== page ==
John Leighton Figgins
John Leighton Figgins
by John Alfred Vinter, printed by Day & Son, published by Thomas Agnew & Sons Ltd, after Charles Allen Duval
lithograph, published 1 August 1857
25 in. x 18 in. (635 mm x 458 mm) paper size
Given by Messrs Thomas Agnew, 1932
Sitterback to top
- John Leighton Figgins (active 1857), Church of England clergyman. Sitter in 1 portrait.
Artistsback to top
- Day & Son (active 1824-1855), Lithographic printers. Artist associated with 38 portraits.
- Charles Allen Duval (1808-1872), Portrait and subject painter. Artist associated with 24 portraits.
- Thomas Agnew & Sons Ltd, Publisher. Artist associated with 24 portraits.
- John Alfred Vinter (1828?-1905), Portrait painter and printmaker. Artist associated with 21 portraits, Sitter in 1 portrait.
Events of 1857back to top
Current affairsPalmerston passes the Matrimonial Causes Act in the face of parliamentary opposition. The act establishes divorce courts, although women, unlike men, are not allowed to sue for divorce on the grounds of adultery.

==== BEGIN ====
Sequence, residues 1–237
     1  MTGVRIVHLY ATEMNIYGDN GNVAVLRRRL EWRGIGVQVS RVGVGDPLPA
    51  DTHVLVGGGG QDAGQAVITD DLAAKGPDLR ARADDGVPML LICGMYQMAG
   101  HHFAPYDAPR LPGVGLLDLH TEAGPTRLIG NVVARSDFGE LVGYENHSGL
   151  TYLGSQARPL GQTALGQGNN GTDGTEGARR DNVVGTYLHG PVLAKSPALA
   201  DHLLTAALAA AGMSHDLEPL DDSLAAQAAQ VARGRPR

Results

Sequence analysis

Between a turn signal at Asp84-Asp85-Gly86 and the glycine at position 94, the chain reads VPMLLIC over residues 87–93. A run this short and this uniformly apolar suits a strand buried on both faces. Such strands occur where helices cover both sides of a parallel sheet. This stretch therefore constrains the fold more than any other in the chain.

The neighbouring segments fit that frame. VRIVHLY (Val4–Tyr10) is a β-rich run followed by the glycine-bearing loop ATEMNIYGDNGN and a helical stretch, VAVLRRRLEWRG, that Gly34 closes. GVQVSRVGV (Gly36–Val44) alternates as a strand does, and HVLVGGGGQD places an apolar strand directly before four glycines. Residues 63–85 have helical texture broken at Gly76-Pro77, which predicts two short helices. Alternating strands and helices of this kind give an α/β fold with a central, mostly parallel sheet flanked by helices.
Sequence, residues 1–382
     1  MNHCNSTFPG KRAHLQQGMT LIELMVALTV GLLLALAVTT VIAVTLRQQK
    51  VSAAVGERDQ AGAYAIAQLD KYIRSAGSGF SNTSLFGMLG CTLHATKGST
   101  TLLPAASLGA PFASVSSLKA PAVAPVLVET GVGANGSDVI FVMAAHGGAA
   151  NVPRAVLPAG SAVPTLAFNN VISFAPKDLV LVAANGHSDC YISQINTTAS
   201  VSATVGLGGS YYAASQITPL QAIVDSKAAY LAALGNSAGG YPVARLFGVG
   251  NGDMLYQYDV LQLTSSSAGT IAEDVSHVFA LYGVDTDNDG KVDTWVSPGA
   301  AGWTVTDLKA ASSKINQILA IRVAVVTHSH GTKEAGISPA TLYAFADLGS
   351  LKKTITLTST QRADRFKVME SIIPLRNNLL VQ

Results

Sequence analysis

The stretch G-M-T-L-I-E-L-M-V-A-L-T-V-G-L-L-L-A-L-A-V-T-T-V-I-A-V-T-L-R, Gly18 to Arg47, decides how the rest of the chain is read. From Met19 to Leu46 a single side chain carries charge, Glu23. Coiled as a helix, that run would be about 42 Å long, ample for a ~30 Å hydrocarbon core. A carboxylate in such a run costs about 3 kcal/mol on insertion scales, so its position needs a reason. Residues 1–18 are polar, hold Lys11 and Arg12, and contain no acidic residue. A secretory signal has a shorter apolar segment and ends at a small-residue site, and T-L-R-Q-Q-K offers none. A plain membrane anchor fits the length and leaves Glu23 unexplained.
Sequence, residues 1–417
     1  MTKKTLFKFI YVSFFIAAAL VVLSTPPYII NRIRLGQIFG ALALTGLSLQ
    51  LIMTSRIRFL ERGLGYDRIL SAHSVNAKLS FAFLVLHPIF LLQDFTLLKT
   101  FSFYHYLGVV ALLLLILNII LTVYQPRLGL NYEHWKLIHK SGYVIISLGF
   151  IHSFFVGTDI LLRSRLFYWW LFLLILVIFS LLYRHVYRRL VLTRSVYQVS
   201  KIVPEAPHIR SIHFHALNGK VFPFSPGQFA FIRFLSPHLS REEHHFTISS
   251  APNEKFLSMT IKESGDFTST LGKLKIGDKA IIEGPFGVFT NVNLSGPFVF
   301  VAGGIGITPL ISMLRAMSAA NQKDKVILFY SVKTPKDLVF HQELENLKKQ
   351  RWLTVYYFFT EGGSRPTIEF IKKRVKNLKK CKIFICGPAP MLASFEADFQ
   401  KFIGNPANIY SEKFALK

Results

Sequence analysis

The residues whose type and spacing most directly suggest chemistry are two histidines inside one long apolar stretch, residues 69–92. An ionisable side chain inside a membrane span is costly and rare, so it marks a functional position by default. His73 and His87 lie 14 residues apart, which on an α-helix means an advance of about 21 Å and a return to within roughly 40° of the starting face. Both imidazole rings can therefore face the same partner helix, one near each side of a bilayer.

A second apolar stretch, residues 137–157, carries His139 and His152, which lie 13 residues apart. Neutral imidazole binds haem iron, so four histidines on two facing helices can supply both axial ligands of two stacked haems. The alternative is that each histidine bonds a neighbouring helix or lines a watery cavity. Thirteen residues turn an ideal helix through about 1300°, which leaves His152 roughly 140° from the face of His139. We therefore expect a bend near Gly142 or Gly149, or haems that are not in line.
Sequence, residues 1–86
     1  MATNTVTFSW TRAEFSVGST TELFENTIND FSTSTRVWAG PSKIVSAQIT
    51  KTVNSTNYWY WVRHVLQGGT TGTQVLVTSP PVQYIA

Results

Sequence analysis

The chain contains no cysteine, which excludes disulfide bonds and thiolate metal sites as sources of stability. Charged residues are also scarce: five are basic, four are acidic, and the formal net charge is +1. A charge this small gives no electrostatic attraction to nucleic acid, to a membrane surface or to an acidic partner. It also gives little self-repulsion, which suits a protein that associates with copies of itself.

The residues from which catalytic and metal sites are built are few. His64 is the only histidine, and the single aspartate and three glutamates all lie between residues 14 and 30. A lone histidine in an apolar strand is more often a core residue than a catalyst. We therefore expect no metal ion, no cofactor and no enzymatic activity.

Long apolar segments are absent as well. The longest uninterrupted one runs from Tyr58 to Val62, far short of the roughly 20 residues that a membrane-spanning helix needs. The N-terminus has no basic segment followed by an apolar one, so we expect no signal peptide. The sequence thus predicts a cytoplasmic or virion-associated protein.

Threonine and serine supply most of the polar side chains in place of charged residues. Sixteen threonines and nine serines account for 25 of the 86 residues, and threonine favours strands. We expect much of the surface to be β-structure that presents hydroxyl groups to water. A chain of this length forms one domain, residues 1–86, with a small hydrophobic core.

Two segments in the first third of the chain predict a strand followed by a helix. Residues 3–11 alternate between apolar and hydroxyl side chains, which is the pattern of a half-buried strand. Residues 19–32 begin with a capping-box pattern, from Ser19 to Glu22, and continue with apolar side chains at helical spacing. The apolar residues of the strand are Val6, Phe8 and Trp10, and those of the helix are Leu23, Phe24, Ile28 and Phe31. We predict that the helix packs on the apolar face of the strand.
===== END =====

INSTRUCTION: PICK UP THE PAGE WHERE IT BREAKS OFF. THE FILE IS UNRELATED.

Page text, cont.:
The Manchester Art Treasures Exhibition is held, a follow-up to the Great Exhibition of 1851, although highlighting Britain's private art collections rather than industry and technology. More than 1.3 million people visit the event.
Art and scienceElizabeth Gaskell publishes The Life of Charlotte Brontë, a year after the author's death. The controversial biography consolidates the myth of the Brontë sisters as isolated geniuses living in remote Yorkshire.
Illustrator George Scharf becomes the first Secretary of the National Portrait Gallery, overseeing the collection's growth and its several moves around London before a permanent home is established in 1896, the year after Scharf's death.
InternationalThe Indian Revolt was a significant rebellion against the rule of the East Indian Company and a culmination of decades of discontent about British rule. After a year of horrific violence on both sides, the revolt was suppressed. It led to a more involved role by the British government in India, taking over responsibility from the East India Company.
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